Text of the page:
Judges and Science

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Me in late 2005, on a then-recent court ruling about intelligent design:

Whether something is science has not one thing to do with the law, and is the purview only of philosophers and scientists, not lawyers and judges. Frankly, this part of the ruling alone should cause scientists and educators who oppose ID to fear, not rejoice.

I elaborated on this fear in the comments:

... this judge just said he has the power to say that no public school may teach any particular subject in science class if he determines, based on whatever he decides to feel at the time, with no legal guidelines, that it is not science. If he decides that quantum theory is not falsifiable, and thus not science, he can forbid teachers from teaching it. This is the power you are saying the judge should have.

In other discussions, I used global warming as an example of something a judge could ban the teaching of, under these same guidelines. Then comes the recent news of the court in Britain that attacked Gore's movie. Granted, it's not the same legal system. But I think my point that those applauding the court deciding science should not have been so happy is borne out by quotes like this from the DailyKos, at the same time:

... the advocates for Intelligent Design Creationism in the Dover case lost their bid to have IDC included in that school's curricula today--and by lost their bid, I mean to say they were utterly eviscerated. ... "The judge ruled unequivocally that ID is a religious idea dressed up in scientific sounding language ..."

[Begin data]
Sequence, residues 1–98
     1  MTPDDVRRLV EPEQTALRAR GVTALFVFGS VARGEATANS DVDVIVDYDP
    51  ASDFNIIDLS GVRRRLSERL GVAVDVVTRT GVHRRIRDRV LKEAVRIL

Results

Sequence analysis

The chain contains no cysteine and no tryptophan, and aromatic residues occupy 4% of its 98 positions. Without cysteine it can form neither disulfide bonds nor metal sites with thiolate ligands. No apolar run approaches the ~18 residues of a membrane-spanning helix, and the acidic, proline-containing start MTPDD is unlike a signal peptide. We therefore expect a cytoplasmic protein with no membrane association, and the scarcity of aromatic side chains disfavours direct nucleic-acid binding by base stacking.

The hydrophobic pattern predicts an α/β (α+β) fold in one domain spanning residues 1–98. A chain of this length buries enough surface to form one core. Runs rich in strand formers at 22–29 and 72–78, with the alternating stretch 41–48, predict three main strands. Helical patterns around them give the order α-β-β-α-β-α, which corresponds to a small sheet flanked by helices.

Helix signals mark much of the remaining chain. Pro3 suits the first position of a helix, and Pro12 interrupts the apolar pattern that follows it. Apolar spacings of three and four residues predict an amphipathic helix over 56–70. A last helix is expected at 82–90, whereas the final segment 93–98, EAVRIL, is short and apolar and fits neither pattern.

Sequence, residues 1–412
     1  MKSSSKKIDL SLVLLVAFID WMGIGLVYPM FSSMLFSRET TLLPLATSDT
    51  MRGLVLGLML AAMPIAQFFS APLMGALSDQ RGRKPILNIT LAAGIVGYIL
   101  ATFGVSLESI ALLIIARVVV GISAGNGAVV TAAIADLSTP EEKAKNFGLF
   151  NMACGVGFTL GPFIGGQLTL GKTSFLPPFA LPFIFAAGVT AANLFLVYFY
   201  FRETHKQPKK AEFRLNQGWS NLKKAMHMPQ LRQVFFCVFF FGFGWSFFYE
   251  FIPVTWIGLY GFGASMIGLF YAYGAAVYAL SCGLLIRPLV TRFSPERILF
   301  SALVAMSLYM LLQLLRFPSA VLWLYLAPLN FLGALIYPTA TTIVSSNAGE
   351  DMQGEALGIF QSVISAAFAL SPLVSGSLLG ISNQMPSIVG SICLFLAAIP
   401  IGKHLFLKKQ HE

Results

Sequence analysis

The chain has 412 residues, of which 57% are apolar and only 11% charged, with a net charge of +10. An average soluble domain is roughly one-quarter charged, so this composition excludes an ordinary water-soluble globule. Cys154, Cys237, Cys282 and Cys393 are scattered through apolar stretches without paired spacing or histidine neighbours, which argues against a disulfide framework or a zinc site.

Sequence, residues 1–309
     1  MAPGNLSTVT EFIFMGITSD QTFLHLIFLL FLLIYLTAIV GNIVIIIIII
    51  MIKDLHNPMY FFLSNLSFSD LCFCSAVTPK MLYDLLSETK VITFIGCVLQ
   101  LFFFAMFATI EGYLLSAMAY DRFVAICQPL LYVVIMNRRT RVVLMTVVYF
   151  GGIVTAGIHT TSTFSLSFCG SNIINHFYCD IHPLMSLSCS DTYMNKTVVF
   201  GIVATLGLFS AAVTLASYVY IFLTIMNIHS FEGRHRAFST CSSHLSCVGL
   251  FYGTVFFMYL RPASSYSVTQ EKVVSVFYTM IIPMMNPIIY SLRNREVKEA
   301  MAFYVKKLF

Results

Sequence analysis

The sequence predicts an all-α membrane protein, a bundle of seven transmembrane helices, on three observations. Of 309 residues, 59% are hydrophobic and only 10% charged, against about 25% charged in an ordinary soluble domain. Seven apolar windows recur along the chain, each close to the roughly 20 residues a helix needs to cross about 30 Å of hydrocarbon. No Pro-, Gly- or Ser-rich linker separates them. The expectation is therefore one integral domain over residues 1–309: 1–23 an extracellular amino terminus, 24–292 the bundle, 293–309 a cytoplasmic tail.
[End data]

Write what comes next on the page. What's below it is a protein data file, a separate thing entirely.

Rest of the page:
And then, DailyKos on Friday about a judge criticizing Al Gore's movie:

The list follows.  I don't believe a judge has the cred to make these judgements [sic] ...

But they did two years ago? Or was that just OK because you agreed with it?

As much as I think scientists are idiots like the rest of us, that doesn't mean I think the courts should be deciding science. And not because judges are also idiots -- they are, of course -- but because science is not a matter of law, and courts have no -- or, should have no -- jurisdiction, except in the very limited sense of forbidding that which by explicit law is forbidden.

So if there's a law that says "incorrect science cannot be taught," which would be a stupid law, since courts and government officials suck at determining such things, then yeah, the court could make such a determination. Otherwise, it cannot, and should not.

This is not about the particular issues and people. Courts should be, as much as possible, blind to such things (hence the famous statue of a woman with a blindfold). This is about the inadequacy of a court to decide on science, and how many people on both sides are picking and choosing their position on that matter based on their preferred outcome. slashdot.org

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<pudge/*> (pronounced "PudgeGlob") is thousands of posts over many years by Pudge.

"It is the common fate of the indolent to see their rights become a prey to the active. The condition upon which God hath given liberty to man is eternal vigilance; which condition if he break, servitude is at once the consequence of his crime and the punishment of his guilt."

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This page contains a single entry by pudge published on October 15, 2007 12:01 AM.

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